This fall Martinez has been conferring with Mattern and Sisk and helping recruit and train others, while reassessing the project’s scope and potential. More than 40 students showed up at a recent training session.

A primary early task has been reviewing all applications the project has received from prisoners since 2010, roughly 200 in all, to make sure no worthy cases fell through the cracks. It’s more likely than not that someone sitting in a Colorado prison doesn’t belong there, Martinez says: “One is too many.”

New requests arrive weekly. Some are dismissed because they fail to meet the project’s minimum criteria: Prisoners must be incarcerated in Colorado, claim no involvement whatsoever in the crime, have exhausted all traditional appeals, have at least 10 years left on their sentence and not have a lawyer already.

But scores of letters merit at least initial inquiry and present opportunities — perhaps for justice, certainly for the education of young lawyers.

In the months and years ahead, Martinez will guide students as they investigate cases and help them recruit the private investigators and professional lawyers whose pro bono efforts are usually necessary to see innocence project cases to conclusion. The Wise project investigates innocence claims but does not take them to court.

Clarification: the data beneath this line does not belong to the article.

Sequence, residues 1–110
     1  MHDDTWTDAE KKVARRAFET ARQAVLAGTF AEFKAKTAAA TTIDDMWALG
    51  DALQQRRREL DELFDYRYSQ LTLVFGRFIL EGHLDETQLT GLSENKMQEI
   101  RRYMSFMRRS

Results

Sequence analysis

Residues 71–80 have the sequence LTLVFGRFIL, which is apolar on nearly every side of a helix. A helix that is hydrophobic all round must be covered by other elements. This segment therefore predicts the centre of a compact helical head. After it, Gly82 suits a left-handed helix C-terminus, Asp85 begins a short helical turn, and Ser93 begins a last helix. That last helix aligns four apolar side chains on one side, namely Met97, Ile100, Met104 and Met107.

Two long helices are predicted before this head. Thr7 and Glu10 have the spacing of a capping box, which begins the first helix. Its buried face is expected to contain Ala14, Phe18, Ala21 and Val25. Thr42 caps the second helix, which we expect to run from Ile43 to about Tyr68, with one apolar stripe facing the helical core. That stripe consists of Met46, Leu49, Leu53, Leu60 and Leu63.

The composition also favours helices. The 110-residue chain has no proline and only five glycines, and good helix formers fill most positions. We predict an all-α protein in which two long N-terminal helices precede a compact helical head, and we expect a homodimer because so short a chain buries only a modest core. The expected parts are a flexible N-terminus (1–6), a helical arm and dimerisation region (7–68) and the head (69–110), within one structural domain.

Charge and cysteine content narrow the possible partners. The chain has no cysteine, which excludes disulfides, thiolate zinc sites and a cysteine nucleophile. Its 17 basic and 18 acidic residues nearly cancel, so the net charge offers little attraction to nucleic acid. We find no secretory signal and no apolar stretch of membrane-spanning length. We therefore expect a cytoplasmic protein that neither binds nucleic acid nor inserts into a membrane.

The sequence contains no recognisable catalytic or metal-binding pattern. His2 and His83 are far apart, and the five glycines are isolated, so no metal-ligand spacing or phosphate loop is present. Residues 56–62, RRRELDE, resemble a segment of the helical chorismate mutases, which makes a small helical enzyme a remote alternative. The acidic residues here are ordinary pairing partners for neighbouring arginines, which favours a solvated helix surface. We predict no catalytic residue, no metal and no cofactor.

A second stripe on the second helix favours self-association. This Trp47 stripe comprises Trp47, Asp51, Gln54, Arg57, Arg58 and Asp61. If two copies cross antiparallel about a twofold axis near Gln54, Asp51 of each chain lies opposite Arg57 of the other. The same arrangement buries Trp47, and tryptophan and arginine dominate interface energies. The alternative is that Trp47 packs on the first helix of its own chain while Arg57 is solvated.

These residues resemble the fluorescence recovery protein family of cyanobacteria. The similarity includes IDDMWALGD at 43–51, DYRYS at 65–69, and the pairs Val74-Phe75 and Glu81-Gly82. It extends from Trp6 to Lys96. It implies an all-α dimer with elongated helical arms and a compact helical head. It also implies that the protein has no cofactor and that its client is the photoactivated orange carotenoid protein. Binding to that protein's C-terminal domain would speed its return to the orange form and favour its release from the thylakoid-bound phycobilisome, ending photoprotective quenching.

As the reinvigorated project’s capacities become clearer, Martinez and her students expect to reassess its criteria. The Wise project now focuses solely on prisoners convicted of the most serious crimes, such as murder and sexual assault.

Of the 200 or so requests on hand, students have taken 26 beyond the preliminary stages and identified a pair for referral to outside lawyers.

Success will always be a long shot.

But pursuing plausible claims of innocence serves a purpose independent of outcomes, Martinez says: By providing an extra layer of review, innocence projects minimize the chances that the justice system gets away with injustice.

“If we are going to take away someone’s liberty…we have to be able to rely on the courts,” she says. “The only way we can rely on the results is if we can fearlessly inquire into the process.”

Photography by Glenn Asakawa